Calculating customer profitability, as described in the first blog, and determining the full scope of a relationship, as described in the second blog, are only part of the equation for optimizing customer interactions. This information must be made available in real time to customer-facing personnel, such as relationship managers, and branch and call center staff.

Returning to Roy’s example from part one of this series, the bank was charging David small fees each month despite the fact that he held millions of dollars in loans and deposits at the institution. These fees upset David, given his significant banking relationship. He contacted the bank, asked the branch manager to look up his accounts, and forcefully requested removal of the fees. David’s main issue was that “the branch manager did not know me, or my value as a customer.” The bank lacked the software needed to provide the branch manager with real-time access to customer profitability and relationship information.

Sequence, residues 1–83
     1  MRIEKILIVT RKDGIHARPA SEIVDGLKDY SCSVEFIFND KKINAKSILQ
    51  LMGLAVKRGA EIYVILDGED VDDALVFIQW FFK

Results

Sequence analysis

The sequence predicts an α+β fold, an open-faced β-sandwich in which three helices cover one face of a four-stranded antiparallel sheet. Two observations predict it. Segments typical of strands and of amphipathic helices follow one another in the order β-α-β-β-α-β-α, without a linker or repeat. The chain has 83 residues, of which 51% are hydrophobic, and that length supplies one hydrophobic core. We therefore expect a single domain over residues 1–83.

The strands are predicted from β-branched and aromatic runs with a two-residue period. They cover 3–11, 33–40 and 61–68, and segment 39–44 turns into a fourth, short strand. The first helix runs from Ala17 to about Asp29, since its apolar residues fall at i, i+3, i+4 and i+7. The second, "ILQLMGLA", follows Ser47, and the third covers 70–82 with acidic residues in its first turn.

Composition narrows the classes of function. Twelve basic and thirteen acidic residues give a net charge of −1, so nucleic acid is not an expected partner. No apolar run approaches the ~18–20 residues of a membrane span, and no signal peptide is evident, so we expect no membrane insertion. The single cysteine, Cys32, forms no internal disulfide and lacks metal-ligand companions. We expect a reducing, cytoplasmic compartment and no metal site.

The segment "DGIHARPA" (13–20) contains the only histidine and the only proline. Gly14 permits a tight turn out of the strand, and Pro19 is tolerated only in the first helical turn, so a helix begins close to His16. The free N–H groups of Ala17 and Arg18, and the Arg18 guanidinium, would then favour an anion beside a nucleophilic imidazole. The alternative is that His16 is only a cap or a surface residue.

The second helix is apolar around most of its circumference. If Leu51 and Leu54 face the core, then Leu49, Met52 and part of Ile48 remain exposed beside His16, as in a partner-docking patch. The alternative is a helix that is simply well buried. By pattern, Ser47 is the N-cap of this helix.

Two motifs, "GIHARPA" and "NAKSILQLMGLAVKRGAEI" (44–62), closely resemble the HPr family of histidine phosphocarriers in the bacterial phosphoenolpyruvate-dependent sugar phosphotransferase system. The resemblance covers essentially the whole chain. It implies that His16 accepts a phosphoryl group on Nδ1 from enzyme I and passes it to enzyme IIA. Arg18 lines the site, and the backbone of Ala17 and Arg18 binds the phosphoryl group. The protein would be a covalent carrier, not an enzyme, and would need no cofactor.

Now imagine that David’s bank has a strong relationship/profitability information system, including customer segmentation and relationship ranking capabilities. More importantly, imagine the bank makes this information available in real time to David’s relationship manager, Roger. As he prepares to visit David to discuss the renewal of one of his large commercial loans, Roger accesses the bank’s information system on his mobile device. He notes the breadth of David’s banking relationships, its components, and recent fees. Roger also models the financial impact of waiving the fees and sees that it is marginal relative to the profitability of David’s business with the bank. At the beginning of the meeting, Roger thanks David for his business and mentions that he noticed the recent fees charged to his account and will work with appropriate colleagues to remove them promptly. David expresses appreciation, and without further ado, they are able to begin talking about possible renewal of David’s large commercial loan.